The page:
Tuning the Brain with Music, a new life-affirming documentary, highlights the creative encounter between music and neuroscience by featuring the moving stories of people whose mental health and lives have been saved by music.
Award-winning director Isabelle Raynauld spent five years investigating the influence music has on the brain. The film screens Tuesday, March 3 at 7 p.m. in the Stan Hagen Theatre, North Island College.
The healing powers of music on the brain are finally being recognized. This film allows us to discover cutting-edge research in musical neuroscience through the stories of people for whom music has succeeded where other therapies have not.
The film alternates between neuroscientific research, music therapists in session and the touching personal stories.
The human stories at the heart of the film are many and varied: premature babies in intensive care units appeased by music therapy sessions; Canadian veterans suffering from post-traumatic stress who have been saved from suicide by music; autistic girls who have formed a band; survivors of cancer and stroke for whom music has been an integral part of their healing protocol; and at-risk youth for whom music is their lifeline.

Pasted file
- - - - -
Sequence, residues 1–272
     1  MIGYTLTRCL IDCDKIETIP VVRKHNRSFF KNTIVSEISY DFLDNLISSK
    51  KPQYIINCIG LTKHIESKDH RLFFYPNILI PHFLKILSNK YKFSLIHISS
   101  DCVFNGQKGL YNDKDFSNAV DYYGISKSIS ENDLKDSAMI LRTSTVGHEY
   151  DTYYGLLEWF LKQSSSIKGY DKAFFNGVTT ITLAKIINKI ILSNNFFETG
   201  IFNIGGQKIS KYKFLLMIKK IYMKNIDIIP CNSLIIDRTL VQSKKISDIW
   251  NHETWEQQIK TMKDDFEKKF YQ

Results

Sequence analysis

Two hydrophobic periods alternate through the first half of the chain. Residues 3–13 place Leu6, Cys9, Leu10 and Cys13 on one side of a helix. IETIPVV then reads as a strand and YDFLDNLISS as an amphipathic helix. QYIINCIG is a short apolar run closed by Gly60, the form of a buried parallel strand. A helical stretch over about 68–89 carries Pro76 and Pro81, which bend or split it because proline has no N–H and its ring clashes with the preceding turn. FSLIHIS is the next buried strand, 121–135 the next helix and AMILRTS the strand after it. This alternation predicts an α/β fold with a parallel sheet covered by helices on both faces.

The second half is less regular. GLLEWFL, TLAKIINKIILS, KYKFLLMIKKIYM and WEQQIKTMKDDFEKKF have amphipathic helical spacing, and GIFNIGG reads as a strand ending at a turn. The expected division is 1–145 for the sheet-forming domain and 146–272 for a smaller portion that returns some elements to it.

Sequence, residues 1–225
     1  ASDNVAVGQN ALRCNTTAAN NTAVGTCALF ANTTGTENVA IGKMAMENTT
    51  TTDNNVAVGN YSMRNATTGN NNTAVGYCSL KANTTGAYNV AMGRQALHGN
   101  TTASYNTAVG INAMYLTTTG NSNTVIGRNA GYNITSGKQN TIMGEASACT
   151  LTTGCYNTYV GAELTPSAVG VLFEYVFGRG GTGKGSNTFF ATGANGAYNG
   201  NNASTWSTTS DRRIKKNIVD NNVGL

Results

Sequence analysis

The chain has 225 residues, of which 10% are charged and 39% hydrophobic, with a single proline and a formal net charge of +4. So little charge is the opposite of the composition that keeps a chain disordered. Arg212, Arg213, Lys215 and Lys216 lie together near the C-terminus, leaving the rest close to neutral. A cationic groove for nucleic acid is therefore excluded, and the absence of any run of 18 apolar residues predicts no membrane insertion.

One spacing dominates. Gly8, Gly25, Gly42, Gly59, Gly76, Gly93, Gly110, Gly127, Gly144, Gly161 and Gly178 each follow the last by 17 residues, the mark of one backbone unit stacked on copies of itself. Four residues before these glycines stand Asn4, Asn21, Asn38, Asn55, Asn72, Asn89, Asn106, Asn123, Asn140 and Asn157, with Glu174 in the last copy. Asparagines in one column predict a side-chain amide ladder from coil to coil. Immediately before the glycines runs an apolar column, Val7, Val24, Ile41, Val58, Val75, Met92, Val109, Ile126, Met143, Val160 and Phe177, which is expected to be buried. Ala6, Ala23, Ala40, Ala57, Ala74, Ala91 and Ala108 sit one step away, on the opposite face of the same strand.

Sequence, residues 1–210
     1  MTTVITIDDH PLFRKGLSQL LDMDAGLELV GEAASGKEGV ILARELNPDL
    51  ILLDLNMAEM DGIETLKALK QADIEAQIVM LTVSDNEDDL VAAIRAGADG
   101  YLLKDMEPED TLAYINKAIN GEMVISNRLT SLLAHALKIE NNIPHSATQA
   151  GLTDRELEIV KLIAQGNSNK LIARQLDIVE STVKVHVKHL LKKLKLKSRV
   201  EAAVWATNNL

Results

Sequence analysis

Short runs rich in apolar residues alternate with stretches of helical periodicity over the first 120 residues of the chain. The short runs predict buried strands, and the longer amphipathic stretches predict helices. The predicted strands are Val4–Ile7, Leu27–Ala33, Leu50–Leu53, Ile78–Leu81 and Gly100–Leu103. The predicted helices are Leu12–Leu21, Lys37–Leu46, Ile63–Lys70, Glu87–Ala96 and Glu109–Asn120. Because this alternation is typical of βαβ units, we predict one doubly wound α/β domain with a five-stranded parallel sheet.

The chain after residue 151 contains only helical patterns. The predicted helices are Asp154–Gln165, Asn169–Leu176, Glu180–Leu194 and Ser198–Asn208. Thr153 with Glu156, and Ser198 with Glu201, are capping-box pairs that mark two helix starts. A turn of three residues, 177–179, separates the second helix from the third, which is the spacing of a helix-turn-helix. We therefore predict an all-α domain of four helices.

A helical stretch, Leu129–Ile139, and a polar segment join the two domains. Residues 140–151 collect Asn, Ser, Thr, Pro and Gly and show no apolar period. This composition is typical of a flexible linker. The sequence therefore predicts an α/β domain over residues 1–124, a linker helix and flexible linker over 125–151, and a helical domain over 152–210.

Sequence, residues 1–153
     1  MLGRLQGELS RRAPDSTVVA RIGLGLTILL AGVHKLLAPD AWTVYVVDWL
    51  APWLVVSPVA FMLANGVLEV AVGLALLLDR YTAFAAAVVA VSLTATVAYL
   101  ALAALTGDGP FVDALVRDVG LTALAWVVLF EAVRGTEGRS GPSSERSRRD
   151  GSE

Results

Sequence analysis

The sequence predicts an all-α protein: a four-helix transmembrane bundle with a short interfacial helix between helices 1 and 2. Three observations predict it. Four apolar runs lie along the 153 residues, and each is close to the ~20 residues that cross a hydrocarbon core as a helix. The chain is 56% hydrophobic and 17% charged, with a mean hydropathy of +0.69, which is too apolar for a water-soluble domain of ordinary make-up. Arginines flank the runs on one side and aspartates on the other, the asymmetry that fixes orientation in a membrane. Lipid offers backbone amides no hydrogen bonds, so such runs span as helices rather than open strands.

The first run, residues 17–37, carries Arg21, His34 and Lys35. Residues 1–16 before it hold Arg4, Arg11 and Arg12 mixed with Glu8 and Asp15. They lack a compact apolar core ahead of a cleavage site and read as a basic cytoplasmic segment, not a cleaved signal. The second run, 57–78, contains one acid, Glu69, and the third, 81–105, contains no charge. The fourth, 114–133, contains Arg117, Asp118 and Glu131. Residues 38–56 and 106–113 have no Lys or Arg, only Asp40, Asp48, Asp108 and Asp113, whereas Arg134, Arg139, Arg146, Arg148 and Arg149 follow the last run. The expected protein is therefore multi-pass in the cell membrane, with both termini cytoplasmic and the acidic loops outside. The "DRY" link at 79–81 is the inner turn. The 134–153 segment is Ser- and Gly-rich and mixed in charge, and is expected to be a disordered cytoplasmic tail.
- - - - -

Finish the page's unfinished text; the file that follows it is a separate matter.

Raynauld also introduces us to some of the world’s leading researchers in neuroscience in order to better understand what is actually happening in the brain.
“The other aspect that attracted me to this subject was the obvious but still unexplained powerful healing powers of music on the mental health and overall well-being of people,” she said. “Their amazing and moving life stories have changed mine forever.”
Admission is by donation.